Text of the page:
(iii)On the Putting Green: If the ball lies on the putting green, the player must lift the ball and place it, without penalty, at the nearest point of relief that is not in a hazard or, if complete relief is impossible, at the nearest position to where it lay that affords maximum available relief from the condition, but not nearer the hole and not in a hazard. The nearest point of relief or maximum available relief may be off the putting green.

(iv)On the Teeing Ground: If the ball lies on the teeing ground, the player must lift the ball and drop it, without penalty, in accordance with Clause (i) above.

The ball may be cleaned when lifted under Rule 25-1b.

(Ball rolling to a position where there is interference by the condition from which relief was taken – see Rule 20-2c(v))

Exception: A player may not take relief under this Rule if (a) interference by anything other than an abnormal ground condition makes the stroke clearly impracticable or (b) interference by an abnormal ground condition would occur only through use of a clearly unreasonable stroke or an unnecessarily abnormal stance, swing or direction of play.

Note 1: If a ball is in a water hazard (including a lateral water hazard), the player is not entitled to relief, without penalty, from interference by an abnormal ground condition. The player must play the ball as it lies (unless prohibited by Local Rule) or proceed under Rule 26-1.

Note 2: If a ball to be dropped or placed under this Rule is not immediately recoverable, another ball may be substituted.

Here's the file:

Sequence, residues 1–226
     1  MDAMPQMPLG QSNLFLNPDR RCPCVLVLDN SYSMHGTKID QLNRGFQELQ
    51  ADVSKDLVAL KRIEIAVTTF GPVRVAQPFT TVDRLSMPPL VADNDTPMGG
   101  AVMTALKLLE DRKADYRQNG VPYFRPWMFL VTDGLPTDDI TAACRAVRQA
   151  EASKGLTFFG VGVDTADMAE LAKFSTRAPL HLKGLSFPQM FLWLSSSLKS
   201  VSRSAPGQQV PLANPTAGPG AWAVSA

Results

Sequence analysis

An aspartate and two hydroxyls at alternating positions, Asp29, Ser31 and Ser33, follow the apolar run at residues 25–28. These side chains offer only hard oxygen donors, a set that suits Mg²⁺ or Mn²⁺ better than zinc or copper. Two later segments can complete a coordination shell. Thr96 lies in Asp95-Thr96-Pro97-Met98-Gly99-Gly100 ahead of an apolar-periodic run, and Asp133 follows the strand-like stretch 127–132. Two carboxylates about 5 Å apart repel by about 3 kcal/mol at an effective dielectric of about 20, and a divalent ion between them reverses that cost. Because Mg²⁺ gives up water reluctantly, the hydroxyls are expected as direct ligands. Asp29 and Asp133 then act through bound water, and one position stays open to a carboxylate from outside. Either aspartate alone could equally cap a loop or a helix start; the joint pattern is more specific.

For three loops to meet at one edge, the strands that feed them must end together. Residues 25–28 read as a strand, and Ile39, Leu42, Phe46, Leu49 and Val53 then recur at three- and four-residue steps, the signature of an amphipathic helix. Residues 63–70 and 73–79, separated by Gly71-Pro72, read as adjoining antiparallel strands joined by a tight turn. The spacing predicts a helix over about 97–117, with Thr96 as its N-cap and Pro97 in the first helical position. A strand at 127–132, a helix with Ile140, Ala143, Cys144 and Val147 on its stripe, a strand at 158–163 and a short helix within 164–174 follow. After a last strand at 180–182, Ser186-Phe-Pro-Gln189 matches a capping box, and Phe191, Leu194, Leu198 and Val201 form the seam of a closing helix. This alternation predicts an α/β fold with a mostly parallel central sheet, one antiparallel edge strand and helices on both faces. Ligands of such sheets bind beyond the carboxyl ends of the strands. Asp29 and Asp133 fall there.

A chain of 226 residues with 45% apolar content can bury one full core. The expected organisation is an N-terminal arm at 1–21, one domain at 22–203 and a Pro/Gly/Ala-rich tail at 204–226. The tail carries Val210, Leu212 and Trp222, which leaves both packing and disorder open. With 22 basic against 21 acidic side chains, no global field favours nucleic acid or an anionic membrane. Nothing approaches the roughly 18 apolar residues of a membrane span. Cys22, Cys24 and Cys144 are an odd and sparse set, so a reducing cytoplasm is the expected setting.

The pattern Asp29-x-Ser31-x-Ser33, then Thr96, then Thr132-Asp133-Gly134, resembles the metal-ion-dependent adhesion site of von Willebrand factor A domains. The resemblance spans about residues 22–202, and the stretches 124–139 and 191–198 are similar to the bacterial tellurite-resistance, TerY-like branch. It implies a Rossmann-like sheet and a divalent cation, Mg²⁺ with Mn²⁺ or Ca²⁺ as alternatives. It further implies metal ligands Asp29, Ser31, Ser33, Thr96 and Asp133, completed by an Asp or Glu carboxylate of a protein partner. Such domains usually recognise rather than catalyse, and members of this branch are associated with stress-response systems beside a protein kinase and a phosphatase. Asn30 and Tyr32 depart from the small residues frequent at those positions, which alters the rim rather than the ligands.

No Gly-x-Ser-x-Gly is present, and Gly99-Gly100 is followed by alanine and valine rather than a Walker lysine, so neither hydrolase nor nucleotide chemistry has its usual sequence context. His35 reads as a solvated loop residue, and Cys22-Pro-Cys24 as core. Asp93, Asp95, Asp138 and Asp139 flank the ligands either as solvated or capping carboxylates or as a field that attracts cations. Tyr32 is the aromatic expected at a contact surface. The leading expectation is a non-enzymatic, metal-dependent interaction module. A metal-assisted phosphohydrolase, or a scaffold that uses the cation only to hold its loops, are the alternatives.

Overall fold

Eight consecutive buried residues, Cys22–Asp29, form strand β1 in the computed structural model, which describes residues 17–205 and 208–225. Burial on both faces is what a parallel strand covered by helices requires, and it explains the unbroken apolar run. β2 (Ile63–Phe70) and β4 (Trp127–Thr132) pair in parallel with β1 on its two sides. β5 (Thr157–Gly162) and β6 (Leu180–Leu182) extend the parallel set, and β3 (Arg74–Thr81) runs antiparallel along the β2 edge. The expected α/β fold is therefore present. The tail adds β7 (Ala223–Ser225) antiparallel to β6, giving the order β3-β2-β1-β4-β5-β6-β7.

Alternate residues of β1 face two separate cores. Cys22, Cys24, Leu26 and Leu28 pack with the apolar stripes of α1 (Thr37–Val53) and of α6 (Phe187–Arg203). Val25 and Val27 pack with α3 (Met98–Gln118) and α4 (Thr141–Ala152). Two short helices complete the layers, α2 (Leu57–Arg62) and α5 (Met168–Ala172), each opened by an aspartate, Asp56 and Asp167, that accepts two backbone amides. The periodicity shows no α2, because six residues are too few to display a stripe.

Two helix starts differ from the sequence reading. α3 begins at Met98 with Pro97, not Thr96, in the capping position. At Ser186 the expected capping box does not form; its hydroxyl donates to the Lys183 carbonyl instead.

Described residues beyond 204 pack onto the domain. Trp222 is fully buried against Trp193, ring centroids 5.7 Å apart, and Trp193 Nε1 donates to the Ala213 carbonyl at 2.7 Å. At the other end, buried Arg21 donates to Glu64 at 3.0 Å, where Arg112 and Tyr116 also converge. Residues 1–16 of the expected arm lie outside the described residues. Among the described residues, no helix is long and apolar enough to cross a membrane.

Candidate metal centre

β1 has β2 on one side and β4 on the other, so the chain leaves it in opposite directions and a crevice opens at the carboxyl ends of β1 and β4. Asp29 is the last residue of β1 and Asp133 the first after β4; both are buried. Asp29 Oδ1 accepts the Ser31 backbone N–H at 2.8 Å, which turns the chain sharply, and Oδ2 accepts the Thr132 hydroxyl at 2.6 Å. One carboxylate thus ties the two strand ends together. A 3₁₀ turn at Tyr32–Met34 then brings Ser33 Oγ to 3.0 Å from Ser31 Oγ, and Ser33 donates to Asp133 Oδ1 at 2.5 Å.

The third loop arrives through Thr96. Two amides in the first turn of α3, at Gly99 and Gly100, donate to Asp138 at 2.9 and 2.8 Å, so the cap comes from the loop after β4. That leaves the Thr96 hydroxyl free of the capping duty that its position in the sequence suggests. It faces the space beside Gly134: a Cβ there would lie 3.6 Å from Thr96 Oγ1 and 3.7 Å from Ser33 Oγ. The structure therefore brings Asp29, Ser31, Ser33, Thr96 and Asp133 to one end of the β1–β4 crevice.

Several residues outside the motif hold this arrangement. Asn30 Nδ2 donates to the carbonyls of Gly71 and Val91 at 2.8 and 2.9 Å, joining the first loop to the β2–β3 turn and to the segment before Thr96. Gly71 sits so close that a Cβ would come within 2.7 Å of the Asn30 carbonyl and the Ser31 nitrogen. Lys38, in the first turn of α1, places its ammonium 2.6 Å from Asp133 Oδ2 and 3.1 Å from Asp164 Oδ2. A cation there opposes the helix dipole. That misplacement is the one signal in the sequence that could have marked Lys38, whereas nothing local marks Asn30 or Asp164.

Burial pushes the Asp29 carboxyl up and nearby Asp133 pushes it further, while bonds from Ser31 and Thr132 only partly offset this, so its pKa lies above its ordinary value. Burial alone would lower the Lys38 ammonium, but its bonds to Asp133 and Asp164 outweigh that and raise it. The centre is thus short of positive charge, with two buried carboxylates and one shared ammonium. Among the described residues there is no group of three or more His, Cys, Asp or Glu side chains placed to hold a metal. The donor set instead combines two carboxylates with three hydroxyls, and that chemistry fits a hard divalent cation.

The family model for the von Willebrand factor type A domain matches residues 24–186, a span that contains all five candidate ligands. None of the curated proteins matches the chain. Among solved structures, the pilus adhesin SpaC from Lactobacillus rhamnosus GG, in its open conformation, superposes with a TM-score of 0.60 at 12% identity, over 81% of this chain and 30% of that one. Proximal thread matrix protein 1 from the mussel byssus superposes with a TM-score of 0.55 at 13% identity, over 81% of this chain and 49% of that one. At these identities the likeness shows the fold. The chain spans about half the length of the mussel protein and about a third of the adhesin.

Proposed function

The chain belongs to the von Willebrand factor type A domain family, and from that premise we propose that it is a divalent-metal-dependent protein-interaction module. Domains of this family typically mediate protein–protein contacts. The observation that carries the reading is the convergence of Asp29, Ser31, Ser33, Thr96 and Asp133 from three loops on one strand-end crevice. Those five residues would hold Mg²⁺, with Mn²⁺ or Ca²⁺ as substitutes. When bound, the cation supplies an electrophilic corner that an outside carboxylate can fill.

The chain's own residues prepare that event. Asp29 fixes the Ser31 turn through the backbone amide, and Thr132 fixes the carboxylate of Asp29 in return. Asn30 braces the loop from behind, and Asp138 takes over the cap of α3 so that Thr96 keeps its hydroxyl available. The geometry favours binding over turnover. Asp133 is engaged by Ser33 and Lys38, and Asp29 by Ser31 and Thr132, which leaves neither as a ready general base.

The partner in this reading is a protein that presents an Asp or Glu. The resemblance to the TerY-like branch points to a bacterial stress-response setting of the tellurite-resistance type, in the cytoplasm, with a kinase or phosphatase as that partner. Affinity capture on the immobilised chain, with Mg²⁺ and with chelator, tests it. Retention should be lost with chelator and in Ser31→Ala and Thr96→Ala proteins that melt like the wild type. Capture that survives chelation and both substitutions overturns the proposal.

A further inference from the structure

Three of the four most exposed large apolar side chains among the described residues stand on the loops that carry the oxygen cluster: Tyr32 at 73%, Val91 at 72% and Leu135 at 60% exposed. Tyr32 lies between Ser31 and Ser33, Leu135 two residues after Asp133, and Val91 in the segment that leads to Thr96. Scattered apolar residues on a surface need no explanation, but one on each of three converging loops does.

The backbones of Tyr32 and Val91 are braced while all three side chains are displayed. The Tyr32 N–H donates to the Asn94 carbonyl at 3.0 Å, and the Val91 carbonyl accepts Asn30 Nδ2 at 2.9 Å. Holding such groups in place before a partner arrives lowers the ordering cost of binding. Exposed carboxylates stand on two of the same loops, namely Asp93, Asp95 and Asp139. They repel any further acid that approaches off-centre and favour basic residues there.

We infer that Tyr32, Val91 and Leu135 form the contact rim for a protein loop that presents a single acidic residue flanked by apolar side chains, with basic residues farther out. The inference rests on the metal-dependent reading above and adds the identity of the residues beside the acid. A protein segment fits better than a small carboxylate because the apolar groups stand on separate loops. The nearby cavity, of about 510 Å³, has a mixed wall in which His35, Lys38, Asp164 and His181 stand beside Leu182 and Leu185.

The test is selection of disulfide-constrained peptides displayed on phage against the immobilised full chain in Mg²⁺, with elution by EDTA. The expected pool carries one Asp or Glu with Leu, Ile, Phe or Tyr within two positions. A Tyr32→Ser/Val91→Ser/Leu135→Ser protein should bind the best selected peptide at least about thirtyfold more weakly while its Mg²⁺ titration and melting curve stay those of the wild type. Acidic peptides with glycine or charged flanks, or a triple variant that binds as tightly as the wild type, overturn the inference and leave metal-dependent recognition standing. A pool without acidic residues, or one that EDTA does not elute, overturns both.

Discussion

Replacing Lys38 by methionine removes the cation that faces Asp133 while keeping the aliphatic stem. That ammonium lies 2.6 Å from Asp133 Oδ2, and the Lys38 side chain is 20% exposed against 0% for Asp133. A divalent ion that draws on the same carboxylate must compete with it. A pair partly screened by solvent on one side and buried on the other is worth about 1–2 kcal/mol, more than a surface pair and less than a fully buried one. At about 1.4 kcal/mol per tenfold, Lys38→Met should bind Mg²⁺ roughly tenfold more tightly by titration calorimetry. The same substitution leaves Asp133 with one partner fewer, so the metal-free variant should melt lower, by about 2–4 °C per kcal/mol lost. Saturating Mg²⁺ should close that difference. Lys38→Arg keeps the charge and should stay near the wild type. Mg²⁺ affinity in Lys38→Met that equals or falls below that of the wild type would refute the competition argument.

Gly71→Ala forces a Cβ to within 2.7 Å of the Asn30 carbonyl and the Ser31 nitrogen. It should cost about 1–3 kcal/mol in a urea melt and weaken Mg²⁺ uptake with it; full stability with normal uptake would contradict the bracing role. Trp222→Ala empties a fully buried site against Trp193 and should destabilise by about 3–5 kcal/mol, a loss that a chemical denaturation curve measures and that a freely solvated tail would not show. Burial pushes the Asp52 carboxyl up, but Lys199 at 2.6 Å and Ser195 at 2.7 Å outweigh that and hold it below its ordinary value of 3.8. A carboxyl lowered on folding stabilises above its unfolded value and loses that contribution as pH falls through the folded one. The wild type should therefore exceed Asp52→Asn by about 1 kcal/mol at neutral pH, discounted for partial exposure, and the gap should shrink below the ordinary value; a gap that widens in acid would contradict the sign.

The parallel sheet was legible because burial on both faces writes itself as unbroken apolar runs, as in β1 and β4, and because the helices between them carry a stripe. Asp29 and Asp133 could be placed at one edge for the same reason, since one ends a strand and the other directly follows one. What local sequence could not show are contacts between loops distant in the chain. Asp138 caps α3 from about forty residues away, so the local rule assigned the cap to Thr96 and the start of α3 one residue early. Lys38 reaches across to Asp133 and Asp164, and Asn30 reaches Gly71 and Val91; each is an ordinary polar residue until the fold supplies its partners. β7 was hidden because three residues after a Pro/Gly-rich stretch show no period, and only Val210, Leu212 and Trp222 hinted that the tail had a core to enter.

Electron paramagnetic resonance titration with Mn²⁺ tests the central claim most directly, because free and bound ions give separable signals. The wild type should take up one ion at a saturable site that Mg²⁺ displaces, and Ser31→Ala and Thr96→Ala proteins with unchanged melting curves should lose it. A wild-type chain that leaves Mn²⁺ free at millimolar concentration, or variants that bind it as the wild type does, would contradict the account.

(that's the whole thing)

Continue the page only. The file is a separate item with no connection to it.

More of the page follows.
c. Ball in Abnormal Ground Condition Not Found
It is a question of fact whether a ball that has not been found after having been struck toward an abnormal ground condition is in such a condition. In order to apply this Rule, it must be known or virtually certain that the ball is in the abnormal ground condition. In the absence of such knowledge or certainty, the player must proceed under Rule 27-1.

If it is known or virtually certain that a ball that has not been found is in an abnormal ground condition, the player may take relief under this Rule. If he elects to do so, the spot where the ball last crossed the outermost limits of the abnormal ground condition must be determined and, for the purpose of applying this Rule, the ball is deemed to lie at this spot and the player must proceed as follows:

(i)Through the Green: If the ball last crossed the outermost limits of the abnormal ground condition at a spot through the green, the player may substitute another ball, without penalty, and take relief as prescribed in Rule 25-1b(i).

(ii)In a Bunker: If the ball last crossed the outermost limits of the abnormal ground condition at a spot in a bunker, the player may substitute another ball, without penalty, and take relief as prescribed in Rule 25-1b(ii).